What if you already have a child plan?

Should you continue to pay the premiums or consider them as a sunk cost? If you are close to the policy’s maturity then continue till the end as its not worth surrendering.

If it is a unit linked policy that you are using for this goal, then in the first five years you will not be able to surrender. Post that you have to do a cost benefit analysis. The calculation above on insurance plus investment is one such example. Alternatively, you may not to move to a ULIP with another insurer who has a better performance track record (I still wouldn’t recommend ULIPs as investments).

For a traditional policy, it’s unlikely you will get any of the premiums back if you surrender in the first three years. After that you will get up to 50% from the fourth till the seventh year. Now if the tenure of the policy is 8-10 years, it doesn’t make sense to surrender in the seventh year. Remember, surrendering means you will not get all the ‘investment’ amount back. So, you will have to consider some part of it as sunk cost.

Unless the premium payments have become too much of a burden, it’s not feasible to surrender the policy close to maturity.

Also, the process to surrender the policy can be cumbersome; you will have to visit the insurer’s office and there could be penalties involved. Do a cost benefit analysis with the alternative investment option like mutual funds discussed above. Only if you are able to earn more after account for the lost capital and other charges on surrender should you go ahead.


Often repairing the damage becomes too costly. What is more suitable is to ask the right questions at the start and if you have already made the mistake of mixing insurance and investment then try not to repeat this again.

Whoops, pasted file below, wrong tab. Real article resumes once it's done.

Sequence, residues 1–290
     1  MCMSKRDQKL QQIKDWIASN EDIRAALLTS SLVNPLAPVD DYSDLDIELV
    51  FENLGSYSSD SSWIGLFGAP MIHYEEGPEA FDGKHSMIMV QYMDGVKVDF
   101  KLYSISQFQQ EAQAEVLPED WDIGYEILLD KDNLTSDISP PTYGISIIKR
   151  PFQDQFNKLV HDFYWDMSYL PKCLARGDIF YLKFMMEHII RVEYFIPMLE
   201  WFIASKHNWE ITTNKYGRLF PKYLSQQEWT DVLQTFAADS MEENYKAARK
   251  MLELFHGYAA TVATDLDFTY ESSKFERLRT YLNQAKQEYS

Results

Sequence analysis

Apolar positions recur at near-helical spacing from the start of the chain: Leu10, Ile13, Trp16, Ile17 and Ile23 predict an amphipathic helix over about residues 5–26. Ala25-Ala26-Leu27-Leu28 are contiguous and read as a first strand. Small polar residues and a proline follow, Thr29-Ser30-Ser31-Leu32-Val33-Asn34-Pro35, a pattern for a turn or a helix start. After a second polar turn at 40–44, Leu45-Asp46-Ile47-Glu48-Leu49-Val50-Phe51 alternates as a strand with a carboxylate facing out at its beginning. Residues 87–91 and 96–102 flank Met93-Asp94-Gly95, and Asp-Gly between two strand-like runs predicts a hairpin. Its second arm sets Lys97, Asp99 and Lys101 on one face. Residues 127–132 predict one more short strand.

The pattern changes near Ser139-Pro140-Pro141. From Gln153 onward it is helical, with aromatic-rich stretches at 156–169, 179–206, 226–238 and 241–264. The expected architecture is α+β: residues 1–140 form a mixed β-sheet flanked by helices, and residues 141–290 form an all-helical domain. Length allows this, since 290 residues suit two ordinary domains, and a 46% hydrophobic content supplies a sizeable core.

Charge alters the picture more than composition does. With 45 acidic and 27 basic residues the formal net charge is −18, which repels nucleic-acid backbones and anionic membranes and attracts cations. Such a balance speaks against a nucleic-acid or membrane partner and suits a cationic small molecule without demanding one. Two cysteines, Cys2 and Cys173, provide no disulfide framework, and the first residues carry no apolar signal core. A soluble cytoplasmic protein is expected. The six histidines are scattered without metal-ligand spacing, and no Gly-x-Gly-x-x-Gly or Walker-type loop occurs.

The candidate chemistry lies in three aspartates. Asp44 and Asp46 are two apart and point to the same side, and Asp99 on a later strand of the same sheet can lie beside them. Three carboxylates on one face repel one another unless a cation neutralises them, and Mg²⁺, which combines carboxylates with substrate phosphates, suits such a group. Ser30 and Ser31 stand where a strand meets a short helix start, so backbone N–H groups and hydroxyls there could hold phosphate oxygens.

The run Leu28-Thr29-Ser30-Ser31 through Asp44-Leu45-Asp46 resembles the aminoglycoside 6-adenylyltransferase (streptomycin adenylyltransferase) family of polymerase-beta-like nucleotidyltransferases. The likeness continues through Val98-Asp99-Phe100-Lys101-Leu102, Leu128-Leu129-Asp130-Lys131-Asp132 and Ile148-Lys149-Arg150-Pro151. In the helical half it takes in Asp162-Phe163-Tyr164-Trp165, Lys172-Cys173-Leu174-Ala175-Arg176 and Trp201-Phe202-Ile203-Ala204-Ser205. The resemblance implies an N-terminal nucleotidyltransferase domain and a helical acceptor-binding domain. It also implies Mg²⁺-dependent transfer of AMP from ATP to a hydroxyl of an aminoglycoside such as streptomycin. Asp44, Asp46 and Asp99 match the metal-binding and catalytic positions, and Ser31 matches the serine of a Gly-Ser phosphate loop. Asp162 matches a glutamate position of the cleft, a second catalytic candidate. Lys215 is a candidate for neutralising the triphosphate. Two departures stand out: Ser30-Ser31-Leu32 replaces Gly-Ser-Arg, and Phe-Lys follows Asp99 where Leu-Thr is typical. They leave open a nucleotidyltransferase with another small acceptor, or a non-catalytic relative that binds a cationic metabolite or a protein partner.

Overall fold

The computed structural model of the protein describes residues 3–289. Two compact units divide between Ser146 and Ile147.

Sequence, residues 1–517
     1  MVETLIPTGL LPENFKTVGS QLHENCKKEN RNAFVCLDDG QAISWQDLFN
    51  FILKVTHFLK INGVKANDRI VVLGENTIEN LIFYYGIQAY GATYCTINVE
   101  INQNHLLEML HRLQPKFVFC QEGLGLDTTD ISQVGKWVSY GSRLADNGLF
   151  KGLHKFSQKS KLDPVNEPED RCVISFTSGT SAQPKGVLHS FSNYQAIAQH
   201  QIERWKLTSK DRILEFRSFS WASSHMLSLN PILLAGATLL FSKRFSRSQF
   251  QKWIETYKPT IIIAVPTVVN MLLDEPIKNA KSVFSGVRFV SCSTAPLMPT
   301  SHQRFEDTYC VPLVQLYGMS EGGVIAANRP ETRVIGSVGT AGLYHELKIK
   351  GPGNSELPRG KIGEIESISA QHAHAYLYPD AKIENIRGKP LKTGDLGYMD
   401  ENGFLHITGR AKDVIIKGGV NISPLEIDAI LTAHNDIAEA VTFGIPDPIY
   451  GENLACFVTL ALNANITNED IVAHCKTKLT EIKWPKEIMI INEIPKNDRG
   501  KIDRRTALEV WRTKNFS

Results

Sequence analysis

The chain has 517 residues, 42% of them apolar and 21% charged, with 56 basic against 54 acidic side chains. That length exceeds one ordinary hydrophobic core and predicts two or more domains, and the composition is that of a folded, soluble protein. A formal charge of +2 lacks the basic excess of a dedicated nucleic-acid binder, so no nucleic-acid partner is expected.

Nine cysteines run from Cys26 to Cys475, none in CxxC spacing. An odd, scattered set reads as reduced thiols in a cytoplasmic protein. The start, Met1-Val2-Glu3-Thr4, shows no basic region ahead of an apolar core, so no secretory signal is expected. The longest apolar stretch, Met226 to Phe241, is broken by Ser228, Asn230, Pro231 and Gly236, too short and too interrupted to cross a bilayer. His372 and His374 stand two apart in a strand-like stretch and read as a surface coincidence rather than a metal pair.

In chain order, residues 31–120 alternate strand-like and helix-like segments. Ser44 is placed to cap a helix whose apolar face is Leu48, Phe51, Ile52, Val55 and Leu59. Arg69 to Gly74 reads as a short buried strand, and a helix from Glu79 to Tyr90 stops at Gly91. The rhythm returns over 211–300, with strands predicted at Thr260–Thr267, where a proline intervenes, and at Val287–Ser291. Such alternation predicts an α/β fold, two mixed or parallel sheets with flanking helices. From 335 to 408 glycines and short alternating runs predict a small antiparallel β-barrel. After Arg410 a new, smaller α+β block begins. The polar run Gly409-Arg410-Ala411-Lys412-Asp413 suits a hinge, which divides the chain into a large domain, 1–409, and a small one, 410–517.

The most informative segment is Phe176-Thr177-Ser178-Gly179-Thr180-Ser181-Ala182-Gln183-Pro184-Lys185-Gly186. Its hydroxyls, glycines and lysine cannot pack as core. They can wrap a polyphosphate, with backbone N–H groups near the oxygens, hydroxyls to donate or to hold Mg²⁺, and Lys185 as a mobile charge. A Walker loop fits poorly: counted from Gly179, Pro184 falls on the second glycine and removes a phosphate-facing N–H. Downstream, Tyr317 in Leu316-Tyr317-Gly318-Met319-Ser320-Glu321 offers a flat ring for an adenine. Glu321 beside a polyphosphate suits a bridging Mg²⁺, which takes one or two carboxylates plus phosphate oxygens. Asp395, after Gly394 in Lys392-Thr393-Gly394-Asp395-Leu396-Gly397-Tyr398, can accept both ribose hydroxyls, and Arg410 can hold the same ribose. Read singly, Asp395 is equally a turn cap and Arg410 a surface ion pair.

Keep both separate, keep it clean. There are insurance plans (ULIPs) which claim better returns than mutual funds, now with a 10% long term capital gains tax on equity mutual funds, these ULIPs seem to be finding a lot more favour not only with investors but also with advisors. However, they are not flexible, remember there is a 5 year lock in, you only have the past performance to support your decision, they are not as transparent and liquid as mutual funds and switching your fund manager is not possible unless to take a new policy – which, will cost you more as it will have to be done at least after the 5 year lock in.

When it comes to your child’s education goal, it is your duty to ask more questions and demand truthful answers. Be smart with your investments, don’t fall for emotional marketing and don’t invest simply for tax benefits – remember ultimately it’s your child who has to benefit from this decision.